Comfortable and uncomfortable ways of exploring an issue

In the workshops, to justify this unusual approach, I would use literature from environmental psychology, landscape ecology and environmental planning, but it was never quite enough. Using scientific literature ensured I stayed in the comfortable place. However, how to describe and validate the energy of place, of nature, of community, and of connection that students and workshop participants experienced remained an incomplete part of the learning experience.

But it's only when we are ready, we can step over those liminal boundaries and understand differently! Liminal spaces of new understanding and action emerge when we confront and grapple with truly troublesome knowledge that upends the way we have previously thought. But to do this also requires that we take risks in the way we think and act. It also requires a new relationship with how we think about certainty and control. It requires courage to move back and forth and use different ways of knowing and understanding.

Over time, reflective practices help move us beyond the ‘stuck places’ of our old ways of knowing and, as we do, barriers to new alternative understandings in our own disciplines or fields of study fall away (see Stories of Practice: Tourism Policy and Planning). Crossing these boundaries is central to stepping beyond our 'bounded ways' of thinking and tapping into intangible and embodied and intuitive understandings of what is really going on in our complex world.

In this light, knowledge of place was one thing, but truly understanding place (and by corollary understanding and being comfortable with the limits of what we can know) and is a very different pursuit.

So what has this all got to do with tourism? It's all about the systems and mindset change that we need in tourism. We are often asked how we can change mindsets, how we can drive systems change, and how can we encourage people (visitors, communities, businesses) to care more. It starts with reflection and the courage to admit that the current system has not worked. Reflection, connection and deep conversations are an important step in this journey, and the above small exercise- an hour of your day, can help to shift the tone and candour of the conversation.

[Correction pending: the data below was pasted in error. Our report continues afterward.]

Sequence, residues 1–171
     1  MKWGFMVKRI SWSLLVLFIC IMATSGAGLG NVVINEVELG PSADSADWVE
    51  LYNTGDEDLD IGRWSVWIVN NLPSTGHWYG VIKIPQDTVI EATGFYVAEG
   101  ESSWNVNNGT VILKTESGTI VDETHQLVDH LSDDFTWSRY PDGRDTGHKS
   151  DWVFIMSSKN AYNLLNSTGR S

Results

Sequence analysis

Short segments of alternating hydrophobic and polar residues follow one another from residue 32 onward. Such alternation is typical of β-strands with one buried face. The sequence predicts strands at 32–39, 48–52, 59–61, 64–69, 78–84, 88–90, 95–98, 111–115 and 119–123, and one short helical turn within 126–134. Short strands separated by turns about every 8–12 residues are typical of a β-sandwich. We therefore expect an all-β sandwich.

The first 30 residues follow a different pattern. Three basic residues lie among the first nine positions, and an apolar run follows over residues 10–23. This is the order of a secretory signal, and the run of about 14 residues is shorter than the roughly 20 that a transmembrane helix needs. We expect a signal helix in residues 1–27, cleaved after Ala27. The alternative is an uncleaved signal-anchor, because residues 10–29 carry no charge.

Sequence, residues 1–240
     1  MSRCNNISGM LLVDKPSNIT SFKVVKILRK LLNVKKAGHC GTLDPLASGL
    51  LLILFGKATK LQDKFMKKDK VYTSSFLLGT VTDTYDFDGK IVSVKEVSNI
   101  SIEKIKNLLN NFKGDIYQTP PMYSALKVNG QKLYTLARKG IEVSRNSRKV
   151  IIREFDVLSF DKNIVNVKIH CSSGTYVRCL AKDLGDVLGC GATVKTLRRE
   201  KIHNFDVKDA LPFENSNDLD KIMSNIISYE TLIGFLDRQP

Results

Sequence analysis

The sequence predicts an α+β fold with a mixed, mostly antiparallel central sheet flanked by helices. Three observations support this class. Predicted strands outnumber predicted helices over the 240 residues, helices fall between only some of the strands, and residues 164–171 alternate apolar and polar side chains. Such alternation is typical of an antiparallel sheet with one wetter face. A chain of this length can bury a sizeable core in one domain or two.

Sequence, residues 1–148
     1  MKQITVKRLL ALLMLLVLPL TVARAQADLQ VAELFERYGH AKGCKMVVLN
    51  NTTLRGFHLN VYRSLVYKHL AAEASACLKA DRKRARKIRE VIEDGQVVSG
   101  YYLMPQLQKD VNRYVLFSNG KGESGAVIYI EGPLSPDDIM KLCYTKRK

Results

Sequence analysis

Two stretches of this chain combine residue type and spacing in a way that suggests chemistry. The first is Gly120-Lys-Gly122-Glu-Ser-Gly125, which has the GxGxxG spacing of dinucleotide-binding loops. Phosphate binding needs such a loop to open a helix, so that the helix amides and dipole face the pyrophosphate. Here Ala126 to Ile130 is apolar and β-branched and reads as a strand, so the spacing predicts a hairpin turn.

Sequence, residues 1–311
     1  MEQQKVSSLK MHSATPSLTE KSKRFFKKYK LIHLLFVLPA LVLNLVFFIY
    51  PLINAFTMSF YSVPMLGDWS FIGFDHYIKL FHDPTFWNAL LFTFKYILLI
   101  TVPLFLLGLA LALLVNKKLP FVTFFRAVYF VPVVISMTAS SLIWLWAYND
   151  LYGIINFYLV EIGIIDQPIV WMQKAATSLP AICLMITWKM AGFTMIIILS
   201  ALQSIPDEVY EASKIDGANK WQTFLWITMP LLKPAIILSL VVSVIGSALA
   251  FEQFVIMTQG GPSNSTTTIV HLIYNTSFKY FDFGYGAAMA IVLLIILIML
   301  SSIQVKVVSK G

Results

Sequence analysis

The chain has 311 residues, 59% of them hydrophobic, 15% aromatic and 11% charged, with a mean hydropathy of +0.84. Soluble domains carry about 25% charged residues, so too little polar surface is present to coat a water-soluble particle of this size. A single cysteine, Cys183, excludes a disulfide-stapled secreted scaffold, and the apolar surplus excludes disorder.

But wait, there is more!

Indigenous wisdom breaking through

Indigenous knowledge provides a window into just how scientific thinking has kept us in a narrow and bounded way of thinking. In Design: Building on Country, Alison Page and Paul Memmott have opened up a conversation about Indigenous Australian culture and knowledge and intentional design. It's a mind-expanding exploration that places the currently fashionable 'human-centred design' conversation in its place! Of course, it's not the only source, but the book is certainly an easy entry point to considering a range of concepts that can be useful in tourism.

Exploring different sources and kinds of knowledge has fuelled a passion we have in the Tourism Colab for digging deeper into the intentional design of tourism with nature and communities. The above reflective activity may help start the journey. It may help to open up and identify the troublesome knowledge that is keeping you, your destination, your community or your organisation from changing direction, shifting mindsets or identifying the liminal space you need to step into.

Our next course is Design Thinking for tourism. Join us!


About The Tourism CoLab

At the Tourism CoLab, we believe in a future that is regenerative, purpose-led and inclusive. To deliver the next tourism and visitor economy, we need to change our tourism operating system, adjust our mindset, and re-invent our ways of working. We use an intentional design mindset to activate tourism for good, and we call this new way of working ‘Regenerative Tourism by Design’ and we’re pioneering it at The Tourism CoLab. If you would like to know more about what we do, how we work, and how we might be able to help you, contact us.

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1 Comment

jenny cave
jenny cave
Jul 25, 2021

Thank you for this insightful post Dianne. I would add "What is time" to the reflection points of what is home and what is place... especially given indigenous points of view.

I carry my past on my shoulder - my past and forebears shape my present, and will shape my view of the future. Perhaps this is because of my deep sense of heritage, my culture and affinity with the past - reflected in my choice of study [Anthropology] and my first career as an Oceanic archeologist, seated within Pacific's patterns of migration. This worldview also relates to years of immersion in indigenous cultures (Canada, New Zealand, the South Pacific, Wales), research and development partnerships. I can only speak fro…